Electronic Music

This lesson describes the term “electronic music” and gives examples of different instruments, styles and artists that fall under this umbrella. We will also look at how technology has affected music production in the twentieth and twenty-first centuries.

What is electronic music and how does it work?

Electronic music is ubiquitous in twenty-first century America. It can be seen at multi-day festivals such as the Electric Daisy Carnival, on top 40 radio and in a variety of advertisements. Electronic music has a long and complicated history, ranging from obscure avant-garde experimental music to glittering disco ballrooms.

Electronic music is, as the name suggests, music created using electronic instruments. Electronic music is better understood in comparison to acoustic or traditional music categories such as classical, jazz or folk music. However, in the twenty-first century, it can be difficult to distinguish between electronic and non-electronic music, as musical styles such as classical, jazz, and folk are often recorded using digital technology, amplified with microphones, and transmitted via the Internet.

With this in mind, we can see how electronic music emerged from the extraordinary revolutions in computers, electronics and digital technology that occurred in the 20th century. Pioneering architects, inventors and musicians designed devices that could create music in previously unimaginable forms during the 20th century.

Electronic music from the beginning

Leon Theremin, a Russian guitarist and inventor, invented the theremin in 1920. When a musician moves his hands around the theremin, electromagnetic fields are generated that produce sounds of different pitches. Theremins produce a loud, rolling sound that was popularized in horror and science fiction films in the 1950s.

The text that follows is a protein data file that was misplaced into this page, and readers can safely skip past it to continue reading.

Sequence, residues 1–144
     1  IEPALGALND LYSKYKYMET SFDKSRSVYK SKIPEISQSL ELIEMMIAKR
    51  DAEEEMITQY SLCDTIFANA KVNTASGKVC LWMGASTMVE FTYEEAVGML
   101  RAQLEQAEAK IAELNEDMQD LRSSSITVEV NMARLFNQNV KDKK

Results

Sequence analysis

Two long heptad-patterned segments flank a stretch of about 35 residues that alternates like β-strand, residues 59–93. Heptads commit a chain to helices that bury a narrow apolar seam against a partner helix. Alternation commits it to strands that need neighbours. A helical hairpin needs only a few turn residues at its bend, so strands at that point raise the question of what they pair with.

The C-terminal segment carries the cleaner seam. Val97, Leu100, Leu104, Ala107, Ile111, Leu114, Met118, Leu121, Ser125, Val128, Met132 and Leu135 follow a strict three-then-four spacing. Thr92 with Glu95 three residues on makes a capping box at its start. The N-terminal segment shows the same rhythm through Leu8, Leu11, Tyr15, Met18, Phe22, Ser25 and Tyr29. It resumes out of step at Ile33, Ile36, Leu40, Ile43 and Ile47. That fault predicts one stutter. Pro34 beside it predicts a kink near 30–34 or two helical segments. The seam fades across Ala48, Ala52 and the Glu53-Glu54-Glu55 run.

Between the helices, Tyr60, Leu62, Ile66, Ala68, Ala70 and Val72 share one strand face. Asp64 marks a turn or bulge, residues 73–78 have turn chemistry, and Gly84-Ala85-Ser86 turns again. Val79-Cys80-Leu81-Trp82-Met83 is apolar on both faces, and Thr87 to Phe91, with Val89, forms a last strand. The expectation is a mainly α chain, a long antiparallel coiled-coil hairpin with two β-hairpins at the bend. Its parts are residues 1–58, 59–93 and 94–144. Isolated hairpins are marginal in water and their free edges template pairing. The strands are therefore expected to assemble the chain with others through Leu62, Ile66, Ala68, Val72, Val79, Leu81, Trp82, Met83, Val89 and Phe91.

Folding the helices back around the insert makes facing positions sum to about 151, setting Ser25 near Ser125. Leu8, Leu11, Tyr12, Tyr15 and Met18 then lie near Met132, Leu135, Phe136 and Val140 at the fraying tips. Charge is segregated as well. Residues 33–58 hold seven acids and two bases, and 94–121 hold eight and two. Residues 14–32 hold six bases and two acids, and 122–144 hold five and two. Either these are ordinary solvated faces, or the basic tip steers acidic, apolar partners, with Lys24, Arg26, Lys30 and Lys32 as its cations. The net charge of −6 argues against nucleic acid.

Several inventors worked on various models of what would become synthetics during the 1930s and 1940s. These electronic instruments were designed to imitate the sound of organs and other traditional instruments, but they quickly became recognized as distinct musical instruments in their own right. During the 1940s, the avant-garde music movement known as musique concréte used electronic instruments in a way that influenced later forms of electronic music.

Bruce Haack, a highly imaginative Canadian musician who performed many times on Mr. Rogers Neighborhood TV with its various sets in the 1950s and 1960s, began creating electronic music originally intended for children. Robert Moog began creating his popular line of synthesizers in the 1960s, and they would revolutionize the world of electronic music. Today, Moog synthesizers are still in use.

The beginning of disco and music machines

Electronic music experienced an explosion of innovation, technological development and success beginning in the late 1960s. In many ways, this era of progress will parallel technological advances in other technological fields, such as personal computers and video games. Giorgio Moroder, an Italian-born musician, became a key figure in the development of electronic dance music, particularly the Italo disco subgenre, after moving to Germany. During the late 1960s and early 1970s, Germany was a hotbed of musical experimentation, especially in electronic music. Groups used synthesizers and other electronic instruments including Kraftwerk, Tangerine Dream, May and Suicide to transform rock music into new forms, encouraging many people around the world to experiment with electronic music.